by Jim Connett, on July 18, 2019
Integration is the art of harmonizing hardware, software, and equipment systems in order to optimize, visualize, and automate manufacturing processes.
Automation is the art of transforming manually performed business activities into processes that are orchestrated and controlled through software solutions.
Optimization is the art of maximizing manufacturing efficiency, throughput, OEE, yield, and quality by monitoring, analyzing, and iteratively tuning manufacturing processes.
Visualization is the art of providing transparency into manufacturing, engineering, and supply chain operations in order to enable continuous optimization.
Migration is the art of exchanging critical business processes and IT systems without disrupting manufacturing operations.
A white paper is an authoritative report or guide that informs readers concisely about a complex issue and presents the issuing body's philosophy on the matter.
Best practices documents describe manufacturing IT solutions which are accepted within the manufacturing industry as being correct or most effective.
Previously recorded webinars provide in-depth discussion regarding specific manufacturing topics and solutions.
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Case studies are up-close and detailed examinations of challenges faced within a real-world manufacturing environment along with proven solutions.
Data sheets provide critical pieces of information, such as features and technical details, related to SYSTEMA’s products and services.
Blogs are informal discussions or informational pieces related to manufacturing optimization topics, solutions, and SYSTEMA-related news.
We are presented with hundreds of choices every day. What clothes do I wear? What will I eat for lunch? Where should I go on holiday or vacation? On what side of the street should I drive? A vast majority of these choices have minimal consequences. If you wear the wrong clothes to work, you may need to return home to change. If you eat the wrong food for lunch, you may not feel well for the rest of the day. If you go to Antarctica instead of Zanzibar for vacation, well, enjoy your time in Antarctica because not many people get to go there! But if you choose to drive down the wrong side of the road, you could injure yourself and others. Every choice has a consequence.
In a high-volume manufacturing facility, one of the managers’ and engineers’ goals is to help operators make the best choice when it comes to what material to run next. With literally hundreds of options of material to process at any given time, an operator can be overwhelmed and may just “choose whatever” in order to keep the tool loaded. This choice may lead to delays and cost overruns. You can help your operators make the right choices with a dispatching application such as .
Through a series of rules and priorities established ahead of time – combined with the current, event-driven, to-the-second status of the tool on which the lot could run – EDDi can present a list of lots that are considered “best to run at this time” by showing these at the top of the GUI’s dispatch list.
So, we can present the best lots to the operator, but how do we know the best material is actually chosen? That’s where EDDi’s Compliance Monitor can help. The Compliance Monitor module records the ordinal position of the material selected from the dispatch list by the user, along with other context information, and logs this selection into a database table. Using third-party business intelligence or reporting tools, this table can be queried in any number of ways to produce charts and reports based on your business rules and reporting needs. In sum, we have a historical accounting of operators’ selection choices.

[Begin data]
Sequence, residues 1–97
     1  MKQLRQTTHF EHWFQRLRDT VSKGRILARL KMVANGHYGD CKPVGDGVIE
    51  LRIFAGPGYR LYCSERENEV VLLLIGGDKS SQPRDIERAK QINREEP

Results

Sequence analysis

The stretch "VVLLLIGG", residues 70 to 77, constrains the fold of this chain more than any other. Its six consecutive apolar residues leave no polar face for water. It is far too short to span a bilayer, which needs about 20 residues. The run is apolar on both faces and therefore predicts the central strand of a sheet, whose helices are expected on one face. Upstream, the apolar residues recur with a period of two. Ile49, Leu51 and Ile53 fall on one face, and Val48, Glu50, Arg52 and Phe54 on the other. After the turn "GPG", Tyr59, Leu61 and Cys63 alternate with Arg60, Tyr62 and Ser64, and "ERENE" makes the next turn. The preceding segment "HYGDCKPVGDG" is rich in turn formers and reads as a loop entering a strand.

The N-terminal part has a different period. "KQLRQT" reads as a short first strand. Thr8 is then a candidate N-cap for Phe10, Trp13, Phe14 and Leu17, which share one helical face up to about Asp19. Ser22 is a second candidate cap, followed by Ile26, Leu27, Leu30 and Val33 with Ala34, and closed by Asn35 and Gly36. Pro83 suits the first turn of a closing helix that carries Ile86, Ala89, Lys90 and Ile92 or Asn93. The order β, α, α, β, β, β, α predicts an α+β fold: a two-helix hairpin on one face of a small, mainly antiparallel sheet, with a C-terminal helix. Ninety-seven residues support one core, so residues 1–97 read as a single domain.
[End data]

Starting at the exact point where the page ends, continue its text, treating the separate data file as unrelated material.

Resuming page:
It’s important to understand that, despite the authoritarian name “Compliance Monitoring”, this is not an enforcement tool. Based on our experiences in the area of dispatching, we intentionally do not recommend enforcement that says (for example) “you can only select the top three material on the list to run on this tool.” This type of constraint could impact throughput and utilization when (for example) all three material options are on hold or blocked from processing. Instead, EDDi will indicate that these are the top three lots to run by positioning them at the top of the list, and importantly, if they are not processable on this tool at this time, EDDi may be able to indicate to the operator why they are not processable (e.g. on hold, blocked for recipe or process capability reasons). Yes, we want to process the best material at this tool, but if the best material can’t run for some reason, then we want to process something on the tool. More importantly, despite the intelligence of the EDDi system, your floor operators may have information not available to the dispatcher that may put operators in a better position to choose the 10th material in the dispatch list rather than the 1st material in the list as presented by EDDi. We encourage these times of obvious deviation – where the operator makes a contradictory choice – as opportunities to discuss and determine the reasons behind the selection. It’s possible that your floor operators may be able to help you improve EDDi’s rules by incorporating human processing expertise into the dispatcher. In this way, the intelligence of your floor operators can be shared with other floor operators simply by using their skills to create the rules that can help EDDi present the best material to all operators. Making the right choice to monitor compliance can lead to positive consequences.
For more information regarding how to approach automation strategies, such as event-driven dispatching, check out SYSTEMA’s guide to digital transformation.